Robo-advisers head upmarket to seek richer investors
So-called robo-advisers were built on the promise of offering wealth management expertise to the masses. Now those startups are turning their attention to a different - and much wealthier - customer.
Betterment LLC, the largest startup in the automated financial advisory market, has said that it's adding a tool for some clients to adjust investment allocations in more granular ways. The service is limited to those with at least $100,000 (€81,000) under management by Betterment.
The product follows similar moves by two other robo-adviser startups in recent months. Ellevest, a women-focused investment platform founded by Wall Street veteran Sallie Krawcheck, introduced a private wealth management service late last year for clients willing to put in more than $1m. Last month, Wealthfront added a tool to minimise investment risk for customers with $100,000 or more.
Services geared toward wealthy clients typically carry larger fees, which is appealing to a young company in search of profits.
But there are doubts about whether high-net-worth individuals would be willing to move their assets to robots at an untested firm. This type of customer will "always demand face-to-face advice", according to a report from analysts at Citigroup in 2016.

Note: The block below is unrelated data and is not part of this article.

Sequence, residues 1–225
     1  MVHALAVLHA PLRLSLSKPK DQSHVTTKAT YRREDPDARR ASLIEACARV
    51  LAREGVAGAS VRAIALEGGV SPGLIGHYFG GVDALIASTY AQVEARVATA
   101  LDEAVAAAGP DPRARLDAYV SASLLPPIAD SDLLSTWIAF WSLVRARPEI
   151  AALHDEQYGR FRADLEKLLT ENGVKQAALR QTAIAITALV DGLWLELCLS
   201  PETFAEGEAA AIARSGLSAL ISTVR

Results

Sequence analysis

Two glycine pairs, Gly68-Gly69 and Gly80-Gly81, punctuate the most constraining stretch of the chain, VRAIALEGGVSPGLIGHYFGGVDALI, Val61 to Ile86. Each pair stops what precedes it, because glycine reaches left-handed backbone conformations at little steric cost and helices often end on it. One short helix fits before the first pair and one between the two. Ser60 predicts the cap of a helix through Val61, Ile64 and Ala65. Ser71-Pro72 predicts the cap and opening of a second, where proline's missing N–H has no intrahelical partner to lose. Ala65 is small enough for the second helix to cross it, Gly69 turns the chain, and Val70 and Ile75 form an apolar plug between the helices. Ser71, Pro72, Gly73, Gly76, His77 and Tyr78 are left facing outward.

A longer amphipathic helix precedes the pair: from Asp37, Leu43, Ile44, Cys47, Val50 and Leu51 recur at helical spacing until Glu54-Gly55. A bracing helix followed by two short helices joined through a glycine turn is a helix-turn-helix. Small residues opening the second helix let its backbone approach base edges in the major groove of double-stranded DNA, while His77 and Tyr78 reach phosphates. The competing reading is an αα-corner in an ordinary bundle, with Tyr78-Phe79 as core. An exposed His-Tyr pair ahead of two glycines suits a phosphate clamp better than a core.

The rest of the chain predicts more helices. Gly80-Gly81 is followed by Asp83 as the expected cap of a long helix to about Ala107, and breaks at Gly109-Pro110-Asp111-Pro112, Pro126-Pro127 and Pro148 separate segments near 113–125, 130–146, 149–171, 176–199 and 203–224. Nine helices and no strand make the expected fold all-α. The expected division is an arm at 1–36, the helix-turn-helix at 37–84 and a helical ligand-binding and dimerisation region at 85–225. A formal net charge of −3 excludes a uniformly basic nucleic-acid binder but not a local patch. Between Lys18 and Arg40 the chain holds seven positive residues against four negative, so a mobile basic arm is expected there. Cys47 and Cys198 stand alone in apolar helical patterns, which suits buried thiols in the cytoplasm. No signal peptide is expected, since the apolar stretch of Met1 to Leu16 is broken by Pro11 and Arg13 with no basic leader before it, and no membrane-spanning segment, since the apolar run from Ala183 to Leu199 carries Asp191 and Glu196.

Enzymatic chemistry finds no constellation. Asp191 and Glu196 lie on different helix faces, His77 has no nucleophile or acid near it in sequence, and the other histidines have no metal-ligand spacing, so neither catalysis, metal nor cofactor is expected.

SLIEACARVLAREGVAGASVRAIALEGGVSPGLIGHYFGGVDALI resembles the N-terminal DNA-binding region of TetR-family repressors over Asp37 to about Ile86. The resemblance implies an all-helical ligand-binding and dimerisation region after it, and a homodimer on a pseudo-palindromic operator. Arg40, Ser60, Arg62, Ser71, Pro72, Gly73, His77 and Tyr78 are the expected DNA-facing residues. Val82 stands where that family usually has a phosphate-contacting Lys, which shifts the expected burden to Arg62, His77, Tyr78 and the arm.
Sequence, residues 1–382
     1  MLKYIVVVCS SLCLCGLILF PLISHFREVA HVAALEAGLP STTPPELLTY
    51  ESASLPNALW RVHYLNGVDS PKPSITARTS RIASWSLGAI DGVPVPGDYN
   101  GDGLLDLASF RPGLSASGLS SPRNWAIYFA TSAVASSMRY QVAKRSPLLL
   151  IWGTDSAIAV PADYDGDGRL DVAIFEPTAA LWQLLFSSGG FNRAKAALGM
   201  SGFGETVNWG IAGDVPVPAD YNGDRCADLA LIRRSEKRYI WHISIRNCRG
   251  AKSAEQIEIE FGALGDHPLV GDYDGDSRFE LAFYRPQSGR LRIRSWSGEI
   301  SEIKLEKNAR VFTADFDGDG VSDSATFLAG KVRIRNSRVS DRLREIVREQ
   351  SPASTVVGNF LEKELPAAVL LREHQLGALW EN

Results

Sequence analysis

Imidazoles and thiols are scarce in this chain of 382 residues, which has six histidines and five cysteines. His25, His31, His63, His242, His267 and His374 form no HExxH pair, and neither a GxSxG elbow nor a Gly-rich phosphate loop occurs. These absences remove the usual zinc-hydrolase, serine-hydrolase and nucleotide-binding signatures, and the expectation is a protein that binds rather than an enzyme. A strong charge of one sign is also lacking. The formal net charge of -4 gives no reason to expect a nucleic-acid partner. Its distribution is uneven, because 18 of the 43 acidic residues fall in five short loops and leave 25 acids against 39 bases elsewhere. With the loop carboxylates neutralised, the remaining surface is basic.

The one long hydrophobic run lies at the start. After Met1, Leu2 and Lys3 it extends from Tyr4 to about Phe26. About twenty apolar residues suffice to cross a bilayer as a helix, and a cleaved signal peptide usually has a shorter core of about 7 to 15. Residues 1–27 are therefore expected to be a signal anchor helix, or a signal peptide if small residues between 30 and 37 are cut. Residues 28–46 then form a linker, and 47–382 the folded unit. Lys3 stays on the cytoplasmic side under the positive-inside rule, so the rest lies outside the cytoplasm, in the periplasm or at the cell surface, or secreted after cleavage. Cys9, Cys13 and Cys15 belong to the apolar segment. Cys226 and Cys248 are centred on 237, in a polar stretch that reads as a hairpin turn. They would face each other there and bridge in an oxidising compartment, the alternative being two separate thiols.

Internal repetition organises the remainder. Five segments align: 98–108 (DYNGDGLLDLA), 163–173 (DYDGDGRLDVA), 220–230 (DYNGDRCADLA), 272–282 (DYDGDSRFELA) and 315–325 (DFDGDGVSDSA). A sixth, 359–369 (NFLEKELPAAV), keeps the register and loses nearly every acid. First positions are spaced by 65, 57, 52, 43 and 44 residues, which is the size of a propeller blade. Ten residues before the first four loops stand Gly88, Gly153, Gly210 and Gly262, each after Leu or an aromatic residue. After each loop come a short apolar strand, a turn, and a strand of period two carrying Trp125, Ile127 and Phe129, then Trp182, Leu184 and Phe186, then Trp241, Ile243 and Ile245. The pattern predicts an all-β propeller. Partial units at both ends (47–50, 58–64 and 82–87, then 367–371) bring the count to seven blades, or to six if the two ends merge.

Robo-advisers started out by going after people with limited disposable income and little experience with investing.
These companies are able to offer wealth management tools at low fees because they rely mostly on automated software, instead of people, to deliver advice. Customers fill out a risk profile by answering questions about their age and goals to receive a customised portfolio made up of exchange-traded funds and other passive investments.
Competition has upped the urgency for these startups to add new products. Charles Schwab, Morgan Stanley and Vanguard Group have all introduced robo-advisers in recent years and have billions of assets under management already. Betterment and Wealthfront have said they each have more than $10bn in assets.
"The industry has come a long way over the past several years, but success has also attracted new competition, including large and established players across the financial services industry," said Devin Ryan, an analyst at JMP Securities LLC.
Ellevest's product for millionaires comes at a higher cost than its base service, in exchange for access to additional investment options and a personal, human financial manager. (Bloomberg)